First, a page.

In a recent Texas premises liability lawsuit, the plaintiff sued a property owner for premises liability and negligence after tripping over a floor mat at a rodeo. The rodeo was operated at NRG Park for three weeks in March. NRG Park was made up of three entities (including a stadium, arena, and center) and owned by a corporation that hired a management company to oversee the daily operations of the NRG Park complex.
The center had concrete floors, and the management company was supposed to install rubber mats there based on the rodeo’s lease agreement. These mats were stored during times of non-operation. While the event was being prepared, the rodeo told the management company where to put the floor mats. These were unrolled and duct taped together. However, they were not taped to the floor.
After the rodeo started, the rodeo would have responsibility for maintaining the mats. The management company was supposed to assist by replacing tape where necessary.
In 2014, the plaintiff came to the rodeo with her daughter and other family members. As she walked in the center, a floor mat was curled in the corner and obscured by wood shavings. She tripped over it. She fractured an eye socket and arm, hurt her knee, and tore her rotator cuff. She had to have knee replacement surgery.
The plaintiff sued the rodeo, claiming it was negligent for covering the floor with sawdust and not keeping it level in places where people walk, among other things. She also claimed there was a dangerous property condition about which the rodeo knew or should have known, and it failed to repair or warn her about it. She amended her complaint to claim the same causes of action against the management company.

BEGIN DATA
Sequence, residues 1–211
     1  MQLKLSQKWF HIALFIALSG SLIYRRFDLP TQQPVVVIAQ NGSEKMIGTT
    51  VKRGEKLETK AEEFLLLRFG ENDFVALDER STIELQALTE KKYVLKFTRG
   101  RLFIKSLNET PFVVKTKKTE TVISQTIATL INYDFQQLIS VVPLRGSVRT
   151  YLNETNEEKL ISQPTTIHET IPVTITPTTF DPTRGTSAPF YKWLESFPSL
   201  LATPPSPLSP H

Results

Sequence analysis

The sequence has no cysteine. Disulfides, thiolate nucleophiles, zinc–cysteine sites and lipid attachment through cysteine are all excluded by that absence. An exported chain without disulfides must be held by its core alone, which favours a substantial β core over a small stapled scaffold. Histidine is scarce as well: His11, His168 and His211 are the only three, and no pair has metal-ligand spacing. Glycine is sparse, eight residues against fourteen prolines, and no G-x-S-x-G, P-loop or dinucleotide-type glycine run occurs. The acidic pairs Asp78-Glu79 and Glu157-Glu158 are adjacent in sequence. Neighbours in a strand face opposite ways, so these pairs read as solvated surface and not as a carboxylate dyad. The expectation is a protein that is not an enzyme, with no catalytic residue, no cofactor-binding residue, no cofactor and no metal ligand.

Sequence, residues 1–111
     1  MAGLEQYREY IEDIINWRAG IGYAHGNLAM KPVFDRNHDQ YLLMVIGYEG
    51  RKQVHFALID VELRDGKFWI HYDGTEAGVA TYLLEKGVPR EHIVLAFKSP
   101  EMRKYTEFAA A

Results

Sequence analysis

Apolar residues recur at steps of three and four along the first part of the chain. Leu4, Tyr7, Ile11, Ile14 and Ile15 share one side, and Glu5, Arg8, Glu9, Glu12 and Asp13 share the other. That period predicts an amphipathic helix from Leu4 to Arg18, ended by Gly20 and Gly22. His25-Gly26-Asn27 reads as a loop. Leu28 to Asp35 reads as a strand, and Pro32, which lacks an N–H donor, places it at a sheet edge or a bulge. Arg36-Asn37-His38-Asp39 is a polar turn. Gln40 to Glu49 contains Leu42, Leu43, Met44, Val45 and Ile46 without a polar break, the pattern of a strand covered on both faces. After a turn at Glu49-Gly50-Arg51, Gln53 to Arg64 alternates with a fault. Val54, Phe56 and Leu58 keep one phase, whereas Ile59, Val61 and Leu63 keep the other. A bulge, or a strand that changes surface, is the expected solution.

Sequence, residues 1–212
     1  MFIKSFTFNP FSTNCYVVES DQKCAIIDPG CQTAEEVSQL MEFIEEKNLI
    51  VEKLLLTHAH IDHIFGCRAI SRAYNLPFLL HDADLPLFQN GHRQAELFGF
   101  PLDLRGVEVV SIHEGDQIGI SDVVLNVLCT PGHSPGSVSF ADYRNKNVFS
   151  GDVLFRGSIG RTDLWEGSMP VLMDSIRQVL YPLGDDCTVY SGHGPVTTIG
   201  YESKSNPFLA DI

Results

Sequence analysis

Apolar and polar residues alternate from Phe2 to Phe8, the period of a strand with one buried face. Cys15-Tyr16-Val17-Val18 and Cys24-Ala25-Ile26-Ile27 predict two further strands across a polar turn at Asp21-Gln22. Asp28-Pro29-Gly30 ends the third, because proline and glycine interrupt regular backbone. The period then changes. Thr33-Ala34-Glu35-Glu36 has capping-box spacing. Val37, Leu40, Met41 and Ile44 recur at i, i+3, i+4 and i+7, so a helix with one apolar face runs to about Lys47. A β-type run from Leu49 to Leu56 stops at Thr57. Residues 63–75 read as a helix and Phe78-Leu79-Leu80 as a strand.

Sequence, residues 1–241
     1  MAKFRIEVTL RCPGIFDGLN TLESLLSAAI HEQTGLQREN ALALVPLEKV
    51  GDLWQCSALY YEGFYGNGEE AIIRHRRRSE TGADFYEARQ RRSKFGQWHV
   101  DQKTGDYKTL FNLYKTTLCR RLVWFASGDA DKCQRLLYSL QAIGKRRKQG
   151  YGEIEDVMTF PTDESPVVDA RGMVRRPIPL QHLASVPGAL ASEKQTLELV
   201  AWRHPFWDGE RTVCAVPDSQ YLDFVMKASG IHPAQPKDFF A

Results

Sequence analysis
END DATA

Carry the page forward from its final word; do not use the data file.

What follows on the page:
The management company moved for summary judgment, arguing it wasn’t a possessor of the place where she was injured. It argued the rodeo was in control, and the plaintiff had no proof of a negligent activity that occurred in connection with her injury. It also argued it had no notice.
The plaintiff argued the management company knew the duct tape would fail and had superior knowledge about the risks related to the floor mats. She also argued it had a duty to warn patrons. She argued that the management company was making repairs by replacing duct tape, but it was making repairs in the same negligent way as the installation of the mats. She argued that the floor was installed in an unreasonable way and against the manufacturer’s recommendations, so it was presumed to know of the condition. Among the pieces of evidence she attached was an affidavit from an engineer with a negative opinion about how the floor mats were secured.
Summary judgment was granted in favor of the management company. The plaintiff appealed. She argued that the management company owed her a duty, and it had knowledge of the dangerous condition created by securing mats using duct tape.
The appellate court explained that the plaintiff’s claim was not that she was hurt due to a negligent activity. Instead, she was asserting a premises liability cause of action. The threshold issue of the claim was whether the defendant had actual or constructive notice of a dangerous condition. The plaintiff argued there was actual knowledge of the dangerous condition, since the company knew the floor mats would curl up and therefore required added tape. However, she didn’t argue a dangerous condition existed from the time the floor mats were duct taped down.
She argued a different method should have been used to hold the mats down. However, she didn’t give evidence about how long the floor mat had been curled up for the purpose of establishing constructive notice. The appellate court found that she didn’t present proof of actual or constructive notice of the condition of the mats, and it found summary judgment was properly granted for the management company.
If you are injured on somebody else’s property, you should consult a Texas attorney with experience in premises liability cases to seek a favorable outcome. Consult the experienced San Antonio attorneys at Carabin Shaw for more information at 1-800-862-1260.